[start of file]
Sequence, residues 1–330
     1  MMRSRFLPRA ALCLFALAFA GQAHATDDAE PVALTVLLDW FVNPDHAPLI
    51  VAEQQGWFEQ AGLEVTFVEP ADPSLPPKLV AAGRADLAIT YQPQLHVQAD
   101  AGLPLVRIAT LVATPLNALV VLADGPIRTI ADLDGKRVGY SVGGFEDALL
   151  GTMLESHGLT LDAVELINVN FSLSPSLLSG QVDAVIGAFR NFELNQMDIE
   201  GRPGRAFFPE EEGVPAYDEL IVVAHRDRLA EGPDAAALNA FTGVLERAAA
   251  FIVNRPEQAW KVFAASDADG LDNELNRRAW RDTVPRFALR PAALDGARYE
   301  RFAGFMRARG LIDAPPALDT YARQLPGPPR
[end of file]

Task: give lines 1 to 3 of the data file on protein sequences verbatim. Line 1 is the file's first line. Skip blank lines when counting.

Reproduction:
Sequence, residues 1–330
     1  MMRSRFLPRA ALCLFALAFA GQAHATDDAE PVALTVLLDW FVNPDHAPLI
    51  VAEQQGWFEQ AGLEVTFVEP ADPSLPPKLV AAGRADLAIT YQPQLHVQAD